Mahmood’s mind-blowing play is bridge magic
Most of us know that a good game of bridge is magic — fun, enchanting, challenging, all of that.
However, sometimes the play of the hand in the hands of an expert can seem like real magic, and never so more than in the hands of the charismatic Zia Mahmood.
Mahmood, originally from Pakistan, was a member of the famous Pakistani team that lost in an exciting final of the Bermuda Bowl in 1981 to a USA team containing Meckstroth and Rodwell, who won their first Bermuda Bowl.
I was lucky to be a rookie commentator at that Bermuda Bowl in Port Chester, Rye, New York, and it had a special bonus because I have known Zia for ages.
Zia now lives mainly in London and plays a lot of bridge in the US and worldwide.
We both qualified as Chartered Accountants in London in the early Seventies and were articled clerks there at the same time.
I played with and against him many times in the Eighties and Nineties. Nowadays, we are often at the same poker table in London, but his game is Hold'em and mine is Omaha. He is also a good golfer and had a five handicap at one time. I think at poker he is a three handicapper and at bridge a plus six!
In addition to being a great player, Zia is a brilliant theorist and teacher of bridge.
Years ago, he wrote a groundbreaking article called “If they don't cover, they don't have it” that has now almost become a standard part of declarer play.
What Zia was referring to was mainly this situation:
His advice is the play the Jack as many defenders will cover that with the Queen — if your left-hand opponent plays low, Zia's advice is to assume he does not have the Queen, and therefore to go up with the Ace and finesse your right-hand opponent for the Queen.
The play is not guaranteed, but it is certainly better than 50-50, based on the negative inference from LHO not covering.
The advice though, can enter another realm and now I will show you a hand put forward by Zia applying the rule, and what results is, well, magic!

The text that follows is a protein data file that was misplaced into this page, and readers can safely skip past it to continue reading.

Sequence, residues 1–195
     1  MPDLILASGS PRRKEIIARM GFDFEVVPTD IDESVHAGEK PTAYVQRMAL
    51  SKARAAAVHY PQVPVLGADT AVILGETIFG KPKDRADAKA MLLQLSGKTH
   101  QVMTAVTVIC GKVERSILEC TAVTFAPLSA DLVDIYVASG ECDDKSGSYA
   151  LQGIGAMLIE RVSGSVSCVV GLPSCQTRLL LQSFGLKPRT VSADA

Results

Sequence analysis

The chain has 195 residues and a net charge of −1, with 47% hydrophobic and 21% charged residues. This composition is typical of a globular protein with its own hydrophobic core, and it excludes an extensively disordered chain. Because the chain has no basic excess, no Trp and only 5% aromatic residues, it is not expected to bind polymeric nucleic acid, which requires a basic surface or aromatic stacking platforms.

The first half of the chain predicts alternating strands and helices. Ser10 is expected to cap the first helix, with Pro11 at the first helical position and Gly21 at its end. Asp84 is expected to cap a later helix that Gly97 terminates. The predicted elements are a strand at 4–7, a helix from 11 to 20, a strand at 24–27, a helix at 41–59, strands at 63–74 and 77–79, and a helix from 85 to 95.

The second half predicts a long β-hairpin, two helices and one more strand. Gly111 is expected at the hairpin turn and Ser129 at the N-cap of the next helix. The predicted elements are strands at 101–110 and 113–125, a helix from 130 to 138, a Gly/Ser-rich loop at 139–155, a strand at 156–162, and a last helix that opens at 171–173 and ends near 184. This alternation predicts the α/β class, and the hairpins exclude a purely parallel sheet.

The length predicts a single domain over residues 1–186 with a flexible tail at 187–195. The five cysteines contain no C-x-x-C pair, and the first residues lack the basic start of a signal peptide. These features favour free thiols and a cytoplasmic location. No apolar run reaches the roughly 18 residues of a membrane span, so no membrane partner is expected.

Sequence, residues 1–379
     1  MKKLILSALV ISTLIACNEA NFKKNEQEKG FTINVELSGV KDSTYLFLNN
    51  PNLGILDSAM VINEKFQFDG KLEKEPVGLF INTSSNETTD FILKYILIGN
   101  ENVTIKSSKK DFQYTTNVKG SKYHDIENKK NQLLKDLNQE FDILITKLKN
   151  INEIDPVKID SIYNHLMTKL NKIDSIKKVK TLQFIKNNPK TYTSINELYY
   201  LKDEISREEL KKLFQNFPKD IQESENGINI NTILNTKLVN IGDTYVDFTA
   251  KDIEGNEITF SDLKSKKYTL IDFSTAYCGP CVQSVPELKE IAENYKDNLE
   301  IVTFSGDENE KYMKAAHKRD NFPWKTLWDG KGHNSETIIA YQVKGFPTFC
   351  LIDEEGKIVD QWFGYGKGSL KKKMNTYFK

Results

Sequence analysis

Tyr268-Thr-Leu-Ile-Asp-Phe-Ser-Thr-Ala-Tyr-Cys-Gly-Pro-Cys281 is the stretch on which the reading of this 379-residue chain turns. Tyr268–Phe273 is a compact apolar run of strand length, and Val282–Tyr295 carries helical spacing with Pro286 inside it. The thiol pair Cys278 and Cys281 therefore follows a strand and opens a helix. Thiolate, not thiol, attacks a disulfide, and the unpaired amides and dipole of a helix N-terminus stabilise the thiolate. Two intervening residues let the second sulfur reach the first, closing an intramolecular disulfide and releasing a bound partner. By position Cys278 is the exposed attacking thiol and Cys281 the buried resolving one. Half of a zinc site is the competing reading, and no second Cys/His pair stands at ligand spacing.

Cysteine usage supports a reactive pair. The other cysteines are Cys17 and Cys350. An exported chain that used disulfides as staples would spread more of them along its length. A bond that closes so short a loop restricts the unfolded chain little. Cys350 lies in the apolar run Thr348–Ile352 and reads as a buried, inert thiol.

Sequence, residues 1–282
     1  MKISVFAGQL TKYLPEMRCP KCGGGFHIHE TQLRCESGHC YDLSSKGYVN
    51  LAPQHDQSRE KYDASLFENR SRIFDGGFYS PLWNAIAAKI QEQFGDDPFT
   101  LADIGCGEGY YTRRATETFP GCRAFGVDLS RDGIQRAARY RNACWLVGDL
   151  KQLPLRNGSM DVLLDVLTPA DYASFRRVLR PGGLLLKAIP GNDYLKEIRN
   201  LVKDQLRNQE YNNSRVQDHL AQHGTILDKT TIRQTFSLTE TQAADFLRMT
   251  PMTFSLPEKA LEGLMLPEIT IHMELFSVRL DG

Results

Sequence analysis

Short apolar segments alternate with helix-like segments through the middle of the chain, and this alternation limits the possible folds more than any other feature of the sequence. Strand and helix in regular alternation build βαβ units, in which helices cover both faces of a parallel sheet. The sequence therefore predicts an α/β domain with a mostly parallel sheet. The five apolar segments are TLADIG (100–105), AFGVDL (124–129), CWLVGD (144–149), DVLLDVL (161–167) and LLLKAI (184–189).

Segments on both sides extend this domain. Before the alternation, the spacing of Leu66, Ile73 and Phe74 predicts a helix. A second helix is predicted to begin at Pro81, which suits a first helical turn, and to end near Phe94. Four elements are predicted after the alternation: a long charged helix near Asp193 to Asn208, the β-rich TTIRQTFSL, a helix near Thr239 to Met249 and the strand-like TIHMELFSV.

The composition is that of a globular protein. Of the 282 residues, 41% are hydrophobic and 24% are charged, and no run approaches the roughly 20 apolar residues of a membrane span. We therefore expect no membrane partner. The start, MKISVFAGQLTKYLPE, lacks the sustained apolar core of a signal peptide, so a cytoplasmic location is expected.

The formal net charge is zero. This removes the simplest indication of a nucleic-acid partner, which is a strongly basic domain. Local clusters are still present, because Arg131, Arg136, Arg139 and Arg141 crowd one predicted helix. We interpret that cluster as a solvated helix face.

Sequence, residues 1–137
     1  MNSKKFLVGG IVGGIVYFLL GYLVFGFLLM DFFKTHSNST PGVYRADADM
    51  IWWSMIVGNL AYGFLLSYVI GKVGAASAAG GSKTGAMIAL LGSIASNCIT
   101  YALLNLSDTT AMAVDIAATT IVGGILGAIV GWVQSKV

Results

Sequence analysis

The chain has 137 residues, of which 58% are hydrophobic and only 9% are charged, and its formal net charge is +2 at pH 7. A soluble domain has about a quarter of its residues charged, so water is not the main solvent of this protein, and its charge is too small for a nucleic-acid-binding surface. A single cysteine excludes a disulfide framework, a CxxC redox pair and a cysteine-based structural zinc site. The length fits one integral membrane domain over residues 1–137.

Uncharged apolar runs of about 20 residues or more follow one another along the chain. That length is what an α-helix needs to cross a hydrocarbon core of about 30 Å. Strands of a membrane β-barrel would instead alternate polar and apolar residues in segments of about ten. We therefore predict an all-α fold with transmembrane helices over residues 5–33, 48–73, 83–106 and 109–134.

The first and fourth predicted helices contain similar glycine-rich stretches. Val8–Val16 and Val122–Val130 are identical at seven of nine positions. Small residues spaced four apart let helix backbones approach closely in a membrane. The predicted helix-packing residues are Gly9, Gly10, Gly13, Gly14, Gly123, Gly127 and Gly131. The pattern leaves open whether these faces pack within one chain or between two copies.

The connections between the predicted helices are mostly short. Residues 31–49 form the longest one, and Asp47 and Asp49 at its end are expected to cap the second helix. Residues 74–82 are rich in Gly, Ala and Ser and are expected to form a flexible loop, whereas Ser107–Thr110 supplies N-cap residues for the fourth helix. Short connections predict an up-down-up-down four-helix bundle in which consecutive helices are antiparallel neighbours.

You get to the aggressive six-Club slam, played by the South hand so that the Heart King is protected on the opening lead — so far so good. West leads a Trump.
This is not a great slam, but essentially it looks as if it all hinges on the Spade King being with East, in which case not only does declarer avoid a Spade loser but also has a discard of a Heart on the third Spade to make the hand.
So the whole world, including me, wins the Club and plays the Queen of Spades — when East doesn't cover, there is an impending sense of doom and so it turns out — West wins the Spade King and cashes a Heart for down one.
The full hand:
Zia, however, saw something very different. He knew, as we all do, that 98 per cent of good players in the East will always cover an unsupported Queen in case declarer had something like AJ2, and when East didn't cover, he decided to follow his own rule and took a different route.
He went up with the Ace of Spades, drew another Trump and played on Diamonds, which needed either 3-3 Diamonds or a singleton or doubleton Jack, and on the fourth Diamond, threw dummy's Spade to reach this position:
Now he took the ruffing finesse in Spades by playing the Jack — West has to cover (if he doesn't a Heart goes away), the Spade is ruffed high on the board, the 2 of Clubs is played to the 2and a Heart goes away on the Spade 10 — declarer now loses only one Heart and the slam makes.
Really mind-boggling, and in a bridge sense conjures up images of Harry Houdini or David Copperfield. As I said, magic, and bridge at a truly different level.